After the death of her father, Elizabeth Parker finds her life drastically changing for the worse. As her first year of college is about to begin, she is forced to move into her new home - ... See full summary »
The Returned opens in a small mountain community which is rocked to its core when several local people who are presumed dead suddenly re-appear at their homes. Despite having passed away ... See full summary »
They come from all over Eastern Europe: Russia, Romania, Ukraine. They are Eastern boys. The oldest appear no more than 25; as for the youngest, there is no way of telling their age. They ... See full summary »
Focuses on a small town that is turned upside down when several local people, who have been long presumed dead suddenly reappear, having not aged and unaware of their own fatality. As they ... See full summary »
Mary Elizabeth Winstead,
Forget those flesh-eating zombie movies, how much more scary would be for the world if the dead rose and wanted their old lives back!
Well, anyone who's been to a 'zombie' movie knows that nothing good can come from bringing the dead back to life, but director Robin Campillo presents a more interesting dilemma. How would a society accommodate and re-integrate their loved ones and relatives if they suddenly came walking out of the cemetery with clean clothes, no illnesses, and energy to spare.
What director Campillo has done is replaced 'scary' with 'eerie' as a local government struggles to shelter and re-located hundreds of the town's former inhabitants. In addition, the town's mayor must decide whether people can return to their old jobs, their old lives, or whether they should be studied to determine how all this came about.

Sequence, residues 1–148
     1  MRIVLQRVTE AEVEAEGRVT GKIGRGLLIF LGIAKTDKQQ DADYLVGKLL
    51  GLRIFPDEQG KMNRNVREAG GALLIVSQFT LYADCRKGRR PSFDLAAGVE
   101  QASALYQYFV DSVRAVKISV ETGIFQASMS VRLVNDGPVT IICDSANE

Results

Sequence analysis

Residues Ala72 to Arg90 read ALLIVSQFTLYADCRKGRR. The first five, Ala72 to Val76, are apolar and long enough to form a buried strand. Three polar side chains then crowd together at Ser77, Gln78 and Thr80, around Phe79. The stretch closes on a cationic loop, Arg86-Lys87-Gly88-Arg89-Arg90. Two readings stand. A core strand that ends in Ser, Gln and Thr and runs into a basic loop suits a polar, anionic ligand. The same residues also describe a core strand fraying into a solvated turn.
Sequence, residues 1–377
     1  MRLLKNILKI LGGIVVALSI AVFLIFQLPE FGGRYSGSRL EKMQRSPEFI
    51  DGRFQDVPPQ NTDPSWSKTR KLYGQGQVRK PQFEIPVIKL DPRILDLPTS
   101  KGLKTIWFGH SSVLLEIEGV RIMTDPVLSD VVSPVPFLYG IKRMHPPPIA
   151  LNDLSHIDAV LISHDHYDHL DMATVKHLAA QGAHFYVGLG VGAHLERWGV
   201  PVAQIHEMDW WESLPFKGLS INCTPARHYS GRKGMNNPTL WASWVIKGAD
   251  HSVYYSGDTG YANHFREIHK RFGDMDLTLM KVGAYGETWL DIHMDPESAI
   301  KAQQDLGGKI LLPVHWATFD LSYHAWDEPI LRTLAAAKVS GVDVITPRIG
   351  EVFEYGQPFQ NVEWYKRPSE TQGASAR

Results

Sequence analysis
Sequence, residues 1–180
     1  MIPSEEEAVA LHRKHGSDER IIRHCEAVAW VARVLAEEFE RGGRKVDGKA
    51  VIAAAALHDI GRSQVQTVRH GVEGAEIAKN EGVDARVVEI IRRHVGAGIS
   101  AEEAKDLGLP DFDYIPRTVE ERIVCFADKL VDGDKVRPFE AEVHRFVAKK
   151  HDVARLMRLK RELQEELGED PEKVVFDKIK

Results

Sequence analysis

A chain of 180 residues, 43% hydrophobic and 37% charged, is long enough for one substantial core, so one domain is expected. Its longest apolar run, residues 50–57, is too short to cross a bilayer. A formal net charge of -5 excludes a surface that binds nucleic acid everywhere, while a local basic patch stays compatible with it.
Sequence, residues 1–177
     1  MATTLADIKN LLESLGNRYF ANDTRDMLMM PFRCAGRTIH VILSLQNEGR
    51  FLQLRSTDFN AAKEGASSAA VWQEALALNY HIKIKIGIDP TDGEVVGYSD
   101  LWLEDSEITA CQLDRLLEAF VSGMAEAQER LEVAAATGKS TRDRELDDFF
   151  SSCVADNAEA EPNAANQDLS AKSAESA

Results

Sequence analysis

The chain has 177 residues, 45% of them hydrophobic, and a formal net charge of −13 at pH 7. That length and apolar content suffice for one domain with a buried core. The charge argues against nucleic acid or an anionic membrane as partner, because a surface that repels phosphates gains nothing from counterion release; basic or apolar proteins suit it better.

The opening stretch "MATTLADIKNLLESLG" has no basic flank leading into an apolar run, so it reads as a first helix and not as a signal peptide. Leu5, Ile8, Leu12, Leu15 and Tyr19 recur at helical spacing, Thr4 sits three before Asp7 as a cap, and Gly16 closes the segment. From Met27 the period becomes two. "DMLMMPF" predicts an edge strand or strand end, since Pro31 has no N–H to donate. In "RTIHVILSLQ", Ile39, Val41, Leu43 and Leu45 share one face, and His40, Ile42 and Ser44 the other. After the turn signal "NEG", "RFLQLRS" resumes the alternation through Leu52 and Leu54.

Film takes a very matter-of-fact approach to sifting through a population influx, much like having a large group of refugees arrive in your town. The local scientists do make some early discoveries involving reduced sleep patterns, lower body, temperature, and how these 'arrivals' may only be acting normal as memory response.
If you enjoyed last year's "Time Out" (which Campillo co-wrote), then you'll also appreciate this spooky, but 'non-flesh eating', dead people coming back to life cinema experience. In some ways having your ex-wife come back can be scarier than a zombie, eh guys?
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